The Crummock Horseshoe
It was quite windy last night, but somehow I slept better than Monday night. I lay awake listening to the wind and wondering if the tent would stand up to it. Which it did. When daylight came, I fell asleep and later after a lingering breakfast I found myself running for the bus which would take me to Lanthwaite Green where today’s walk started.
At 10:20 I alighted and looked up at what I had to climb. A stiff climb, at least in my condition, over Whiteside End and frequent rests meant it was two hours before I got to the summit of Whiteside. But this was still pretty good going for me.
Not much to see at the summit due to low cloud – so all the views I had today were looking back on the ascent:
The ridge to Hopegill Head that looked really narrow on the map wasn’t as bad as I’d expected. But then visibility was reduced and so I couldn’t see much either side. It was an easy stroll and my arrival at the summit took me by surprise. There I found sitting an older couple that I recognised from the bus and who I’d been following all morning.
With minimal visibility I took one look to the north and decided against an out-and-back visit to Ladyside Pike. So I sat down for some lunch and then headed down over Sand Hillto Coledale Hause. With vigour returning to my legs, I veered right as I came level with Eel Crag on the left, and begun a slog up onto Grasmoor.
With no apparent paths it took ages and on several occassions I thought I was lost and took some frantic compass readings. Eventually, I concluded that if I went much further it would be a bad idea, and so decided one last leg to the west as I thought I’d passed the summit. A few moments later I was at the summit.
Given the difficulty of ascent, the compass stayed out for the descent, and I followed a pretty strict heading east, finding an actual path starting just south of the summit. It didn’t take nearly as long to descend before I hit a crossroads – so much so that I thought I hadn’t gone far enough. But continuing ahead, the path rose and I decided to stick with it and when I hit the edge would turn right for Wandope. It worked a treat and a few minutes later was at the summit.
Now all I had to do was follow the ridge line down onto Whiteless Pike, with the cloud gradually thinning. Now I realised I was getting wet as I dropped below the clouds and on went the waterproofs. In lightly intermittent rain the walk now actually became a pleasant stroll down the ridge to Buttermere, arriving just before 5pm.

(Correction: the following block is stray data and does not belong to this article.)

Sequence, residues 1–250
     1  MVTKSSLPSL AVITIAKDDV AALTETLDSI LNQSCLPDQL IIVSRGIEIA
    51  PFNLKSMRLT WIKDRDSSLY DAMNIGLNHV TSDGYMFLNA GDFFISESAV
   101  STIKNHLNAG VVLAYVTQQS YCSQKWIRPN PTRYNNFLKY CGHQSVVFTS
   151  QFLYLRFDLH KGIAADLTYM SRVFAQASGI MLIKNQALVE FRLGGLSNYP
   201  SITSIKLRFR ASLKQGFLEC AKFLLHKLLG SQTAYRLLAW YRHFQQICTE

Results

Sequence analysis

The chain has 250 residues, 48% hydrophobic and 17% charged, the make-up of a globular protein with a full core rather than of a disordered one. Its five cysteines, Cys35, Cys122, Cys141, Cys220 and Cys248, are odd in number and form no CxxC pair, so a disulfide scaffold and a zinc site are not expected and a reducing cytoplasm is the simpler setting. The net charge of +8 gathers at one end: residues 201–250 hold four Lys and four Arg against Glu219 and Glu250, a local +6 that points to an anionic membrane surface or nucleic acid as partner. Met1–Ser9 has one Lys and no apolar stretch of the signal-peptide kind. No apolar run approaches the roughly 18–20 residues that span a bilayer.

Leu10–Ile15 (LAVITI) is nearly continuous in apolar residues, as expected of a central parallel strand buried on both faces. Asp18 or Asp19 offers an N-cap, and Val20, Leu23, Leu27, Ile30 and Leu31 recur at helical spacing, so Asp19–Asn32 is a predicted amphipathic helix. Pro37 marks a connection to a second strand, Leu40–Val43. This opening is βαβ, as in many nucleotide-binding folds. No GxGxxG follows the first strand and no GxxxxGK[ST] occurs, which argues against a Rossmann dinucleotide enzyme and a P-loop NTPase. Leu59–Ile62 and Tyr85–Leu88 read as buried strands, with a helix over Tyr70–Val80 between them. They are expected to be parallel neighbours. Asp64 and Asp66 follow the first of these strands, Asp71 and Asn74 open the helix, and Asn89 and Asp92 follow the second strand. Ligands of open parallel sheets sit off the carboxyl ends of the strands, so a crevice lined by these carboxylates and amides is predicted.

Now at 7:20 I’m in the Bridge Inn having just got on the outside of lovely roast lamb. Today’s been a bit of a reverse of the disappointment of the previous days – with 5 Hewitts and a further 2 Nuttalls bagged. It just shows what a realistic day walk can achieve. Today also confirmed that my original plan of doing all 11 peaks in this group of fells in one day, fully loaded, was lunacy. Taking two days to do them burdened with only a day pack is much more sensible.
Feeling a lot better, I make my plans for the rest of the trip. Tomorrow I need a lightish walk that will get me to Little Town for my two night stay there. Then on saturday I’ll finish this group of fells with the Grisedale Horseshoe and then re-locate to Keswick, via a walk, on Sunday. What is clear is that walking with less stuff is the way to go so for next week I’m going to try and stay in one place and maybe end with a huge bagging binge on Wednesday. But let’s see how I feel then.
On the way back to the tent, it’s raining, increasing in power as I walk and ferocious as I struggle to unzip the tent door and get inside. At 9:15 it feels too early to go to bed, especially given my ability to sleep in a tent. So I lie there thinking about what else I can do to make the trip work better, but all I come up with is getting some soup, and making sure that next time I bring something warm for the evening other than my sweaty daytime clothes.